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ORIGINAL ARTICLE
Year : 2017  |  Volume : 146  |  Issue : 6  |  Page : 708-713

Dyslipidaemia & oxidative stress in patients of psoriasis: Emerging cardiovascular risk factors


1 Department of Biochemistry, University College of Medical Sciences (University of Delhi), Delhi, India
2 Department of Dermatology, University College of Medical Sciences (University of Delhi), Delhi, India
3 Department of Pathology, University College of Medical Sciences (University of Delhi), Delhi, India
4 Department of Medicine, University College of Medical Sciences (University of Delhi), Delhi, India

Date of Submission05-May-2016
Date of Web Publication13-Apr-2018

Correspondence Address:
Dr. Archana Singal
Department of Dermatology, University College of Medical Sciences, Dilshad Garden, Delhi 110 095
India
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Source of Support: None, Conflict of Interest: None


DOI: 10.4103/ijmr.IJMR_717_16

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   Abstract 

Background & objectives: Psoriasis is a recurrent hyper-proliferative skin disease which is often associated with free radical generation, abnormal lipid metabolism and increased inflammatory secretion that induce cardiovascular risk in these patients. The present study was intended to evaluate serum lipids, lipoprotein and oxidants-antioxidants status and to establish their relationship with atherogenic risk markers [oxidized low-density lipoprotein (oxLDL) and high-sensitivity C-reactive protein (hsCRP)] in patients with psoriasis.
Methods: The study was conducted on 150 psoriasis patients and 150 age- and sex-matched healthy controls. Overnight fasting blood samples were obtained for lipids, lipoproteins, lipid oxidation and peroxidation products [oxLDL, malondialdehyde (MDA)], antioxidant enzymes [reduced glutathione (GSH) and total antioxidant status] levels and hsCRP estimations.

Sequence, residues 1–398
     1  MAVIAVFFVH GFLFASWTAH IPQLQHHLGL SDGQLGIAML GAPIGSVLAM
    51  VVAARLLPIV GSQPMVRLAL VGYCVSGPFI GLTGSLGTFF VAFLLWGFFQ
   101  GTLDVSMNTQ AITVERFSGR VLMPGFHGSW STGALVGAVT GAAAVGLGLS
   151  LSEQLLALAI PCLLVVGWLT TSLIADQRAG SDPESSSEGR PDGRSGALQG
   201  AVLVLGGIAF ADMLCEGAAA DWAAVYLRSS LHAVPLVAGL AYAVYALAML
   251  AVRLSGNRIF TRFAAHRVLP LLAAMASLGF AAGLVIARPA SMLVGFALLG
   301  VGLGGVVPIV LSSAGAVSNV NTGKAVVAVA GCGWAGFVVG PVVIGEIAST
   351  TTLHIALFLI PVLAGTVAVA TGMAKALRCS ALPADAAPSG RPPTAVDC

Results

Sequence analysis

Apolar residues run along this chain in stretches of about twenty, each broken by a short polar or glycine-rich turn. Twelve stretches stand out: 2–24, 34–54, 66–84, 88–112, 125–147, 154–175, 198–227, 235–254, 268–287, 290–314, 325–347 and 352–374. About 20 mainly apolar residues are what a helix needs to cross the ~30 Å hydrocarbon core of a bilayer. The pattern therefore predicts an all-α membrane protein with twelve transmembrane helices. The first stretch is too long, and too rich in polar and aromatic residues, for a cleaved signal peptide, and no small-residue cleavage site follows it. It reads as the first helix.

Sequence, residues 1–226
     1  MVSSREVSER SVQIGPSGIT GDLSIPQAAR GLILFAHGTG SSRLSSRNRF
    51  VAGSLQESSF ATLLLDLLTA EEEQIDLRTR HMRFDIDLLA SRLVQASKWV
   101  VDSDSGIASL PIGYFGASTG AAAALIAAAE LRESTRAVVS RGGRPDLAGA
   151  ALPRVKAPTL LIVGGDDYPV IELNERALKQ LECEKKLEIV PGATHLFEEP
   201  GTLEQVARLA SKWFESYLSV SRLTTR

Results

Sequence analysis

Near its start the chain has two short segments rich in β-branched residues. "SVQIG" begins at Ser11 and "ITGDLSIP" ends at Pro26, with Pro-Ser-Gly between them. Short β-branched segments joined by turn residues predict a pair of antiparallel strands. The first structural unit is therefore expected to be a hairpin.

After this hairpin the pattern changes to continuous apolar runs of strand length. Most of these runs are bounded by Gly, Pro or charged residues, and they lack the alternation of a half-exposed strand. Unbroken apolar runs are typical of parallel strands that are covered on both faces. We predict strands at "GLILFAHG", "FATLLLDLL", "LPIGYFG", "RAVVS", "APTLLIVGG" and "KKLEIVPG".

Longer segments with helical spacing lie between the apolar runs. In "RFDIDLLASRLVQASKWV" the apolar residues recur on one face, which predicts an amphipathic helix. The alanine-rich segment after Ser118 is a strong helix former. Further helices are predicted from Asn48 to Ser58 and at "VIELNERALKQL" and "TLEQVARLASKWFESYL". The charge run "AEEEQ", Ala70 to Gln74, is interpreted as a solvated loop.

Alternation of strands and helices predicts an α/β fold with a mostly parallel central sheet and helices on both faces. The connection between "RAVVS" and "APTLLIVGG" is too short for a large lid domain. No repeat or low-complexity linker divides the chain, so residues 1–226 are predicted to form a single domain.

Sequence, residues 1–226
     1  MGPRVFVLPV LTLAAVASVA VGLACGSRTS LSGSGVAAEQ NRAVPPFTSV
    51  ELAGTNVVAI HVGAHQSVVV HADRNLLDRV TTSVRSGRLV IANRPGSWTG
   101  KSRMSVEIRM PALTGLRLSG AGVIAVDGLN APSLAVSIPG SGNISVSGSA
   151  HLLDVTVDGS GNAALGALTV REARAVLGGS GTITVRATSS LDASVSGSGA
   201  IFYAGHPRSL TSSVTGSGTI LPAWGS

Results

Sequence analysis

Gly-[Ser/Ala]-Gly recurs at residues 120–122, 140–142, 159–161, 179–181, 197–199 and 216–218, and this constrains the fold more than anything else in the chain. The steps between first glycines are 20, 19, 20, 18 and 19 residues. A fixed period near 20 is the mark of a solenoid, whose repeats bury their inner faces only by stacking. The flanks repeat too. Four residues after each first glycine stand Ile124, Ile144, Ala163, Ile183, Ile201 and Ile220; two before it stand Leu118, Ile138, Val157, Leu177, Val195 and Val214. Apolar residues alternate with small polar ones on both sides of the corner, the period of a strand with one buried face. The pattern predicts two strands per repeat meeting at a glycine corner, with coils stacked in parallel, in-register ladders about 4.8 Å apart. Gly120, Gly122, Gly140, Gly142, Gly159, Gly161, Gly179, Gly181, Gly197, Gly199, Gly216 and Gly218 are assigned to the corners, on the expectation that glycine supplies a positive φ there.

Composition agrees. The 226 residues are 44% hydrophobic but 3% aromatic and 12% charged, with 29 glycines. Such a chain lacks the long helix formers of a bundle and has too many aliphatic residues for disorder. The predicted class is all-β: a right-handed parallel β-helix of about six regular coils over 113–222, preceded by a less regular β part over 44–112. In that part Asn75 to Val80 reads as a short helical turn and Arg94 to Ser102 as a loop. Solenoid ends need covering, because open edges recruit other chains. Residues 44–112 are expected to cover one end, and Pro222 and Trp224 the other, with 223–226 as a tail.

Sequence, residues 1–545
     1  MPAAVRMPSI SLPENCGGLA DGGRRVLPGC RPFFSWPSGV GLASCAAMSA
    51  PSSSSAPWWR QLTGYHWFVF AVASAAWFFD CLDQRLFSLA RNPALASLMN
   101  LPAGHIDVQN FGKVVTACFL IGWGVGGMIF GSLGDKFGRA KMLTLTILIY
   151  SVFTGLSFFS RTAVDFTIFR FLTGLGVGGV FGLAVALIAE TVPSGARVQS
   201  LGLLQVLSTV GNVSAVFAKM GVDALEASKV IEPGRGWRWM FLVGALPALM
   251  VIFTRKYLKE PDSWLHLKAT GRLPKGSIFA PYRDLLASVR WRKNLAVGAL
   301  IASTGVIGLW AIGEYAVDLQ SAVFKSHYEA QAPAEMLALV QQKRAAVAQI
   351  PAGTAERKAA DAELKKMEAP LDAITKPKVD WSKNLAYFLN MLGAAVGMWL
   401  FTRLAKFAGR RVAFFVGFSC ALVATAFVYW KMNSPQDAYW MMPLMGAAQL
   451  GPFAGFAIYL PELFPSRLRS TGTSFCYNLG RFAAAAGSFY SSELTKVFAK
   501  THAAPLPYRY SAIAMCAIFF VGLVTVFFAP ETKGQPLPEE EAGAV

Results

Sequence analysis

Results: The mean levels of atherogenic lipids [total cholesterol (P<0.001), triacylglycerol (P<0.01)], lipid peroxidation products (P<0.001) and oxLDL and hsCRP (P<0.001) levels in patients with psoriasis were found to be significantly higher than those of healthy controls. On the other hand, ferric-reducing ability of plasma (FRAP, P<0.001) and antioxidant enzyme activities (reduced GSH, P<0.01) were significantly lower when compared to healthy controls. The plasma oxLDL was positively correlated to LDL cholesterol (P<0.001) and MDA (P<0.001) and negatively associated with antioxidant status in these patients. Serum MDA, FRAP and oxLDL were correlated with risk of atherosclerosis in the patients with psoriasis; however, no significant association was found between reduced GSH and hsCRP.
Interpretation & conclusions: The study results suggest that LDL oxidation and reactive oxygen species in addition to inflammatory markers may play a pivotal role in inducing atherosclerosis in patients of psoriasis.

Keywords: Antioxidants - ferric-reducing ability of plasma - glutathione - high-sensitivity C-reactive protein - malondialdehyde - oxidative stress - psoriasis


How to cite this article:
Asha K, Singal A, Sharma SB, Arora VK, Aggarwal A. Dyslipidaemia & oxidative stress in patients of psoriasis: Emerging cardiovascular risk factors. Indian J Med Res 2017;146:708-13

How to cite this URL:
Asha K, Singal A, Sharma SB, Arora VK, Aggarwal A. Dyslipidaemia & oxidative stress in patients of psoriasis: Emerging cardiovascular risk factors. Indian J Med Res [serial online] 2017 [cited 2021 Aug 2];146:708-13. Available from: https://www.ijmr.org.in/text.asp?2017/146/6/708/230142